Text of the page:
38 U.S.C. § 4302.

The district court found this requirement unmet because, the court said, "three weeks of back-pay and a reinstatement with probation is objectively less beneficial than Plaintiff's rights under USERRA[.]" But § 4302 does not make the courts guardians of servicemembers who choose to settle their USERRA claims. To the contrary, we said in Wysocki, servicemembers can "waive their USERRA rights without unnecessary court interference, if they believe that the consideration they will receive . . . is more beneficial than pursuing their rights through the courts[.]" 607 F.3d at 1108 (emphasis added). An individual servicemember knows better than the courts do whether the certainty of a lump-sum payment up front, for example, is "more beneficial" to him than the possibility of a larger recovery later. Relatedly, a servicemember's ability to settle a USERRA claim "is both valuable and beneficial[.]" Id. And that ability would be diminished if not eliminated if the servicemember's decision was subject to judicial review after the fact.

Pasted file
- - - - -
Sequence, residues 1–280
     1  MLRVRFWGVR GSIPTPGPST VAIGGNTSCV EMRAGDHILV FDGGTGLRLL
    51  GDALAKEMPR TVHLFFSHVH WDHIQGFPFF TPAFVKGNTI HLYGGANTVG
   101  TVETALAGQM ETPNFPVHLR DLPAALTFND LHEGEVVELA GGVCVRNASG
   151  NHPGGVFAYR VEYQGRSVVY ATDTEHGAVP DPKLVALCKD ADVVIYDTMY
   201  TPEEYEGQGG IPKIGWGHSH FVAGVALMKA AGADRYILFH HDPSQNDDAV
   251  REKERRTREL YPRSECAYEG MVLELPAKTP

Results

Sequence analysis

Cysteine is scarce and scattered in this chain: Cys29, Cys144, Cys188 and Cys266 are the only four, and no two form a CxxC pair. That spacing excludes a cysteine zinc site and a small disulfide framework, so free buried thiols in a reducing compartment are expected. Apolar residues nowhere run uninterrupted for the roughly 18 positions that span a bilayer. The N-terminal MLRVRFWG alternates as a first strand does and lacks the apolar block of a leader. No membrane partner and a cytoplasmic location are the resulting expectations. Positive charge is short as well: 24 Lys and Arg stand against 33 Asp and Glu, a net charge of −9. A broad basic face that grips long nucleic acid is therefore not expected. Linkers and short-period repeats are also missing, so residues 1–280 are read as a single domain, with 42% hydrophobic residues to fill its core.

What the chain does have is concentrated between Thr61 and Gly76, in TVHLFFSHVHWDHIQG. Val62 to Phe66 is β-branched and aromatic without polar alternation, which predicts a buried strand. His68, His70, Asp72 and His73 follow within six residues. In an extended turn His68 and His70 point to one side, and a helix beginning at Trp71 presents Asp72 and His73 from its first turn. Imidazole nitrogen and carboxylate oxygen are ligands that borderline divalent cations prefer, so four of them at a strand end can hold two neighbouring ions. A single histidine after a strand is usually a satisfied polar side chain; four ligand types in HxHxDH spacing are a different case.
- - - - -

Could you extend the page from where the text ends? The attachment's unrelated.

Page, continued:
Ward, for his part, argues that his settlement agreement was not "more beneficial" than his USERRA claim because he received more on that claim after trial than he would have under the agreement. But whether an agreement is more beneficial to a servicemember than the released claim, for purposes of § 4302, cannot depend on events occurring after the agreement is executed. As a matter of contract law generally, the parties' respective rights and duties are fixed at the time of contracting. See, e.g., Adams v. Philip Morris, Inc., 67 F.3d 580, 585 (6th Cir. 1995) (scope of a release is evaluated based on the parties' intent at time of signing); Ellis v. Pauline S. Sprouse Residuary Tr., 280 S.W.3d 806, 814 (Tenn. 2009) (after parties sign, courts cannot alter contractual obligations because contract was burdensome or unwise); 11 Williston on Contracts § 30:2 (4th ed.) (a cardinal rule of contract interpretation is that intent is ascertained as of the time when parties signed). And the decision whether to enter into a settlement agreement, in particular, always involves an assessment of potentialities. Nobody would settle a USERRA claim with a servicemember if he could proceed to litigate the claim and then invalidate the agreement if he fared better in the litigation than in the settlement itself. Ward's argument would help him in this case, but harm nearly everyone else covered by USERRA—by denying them the ability to settle their USERRA claims.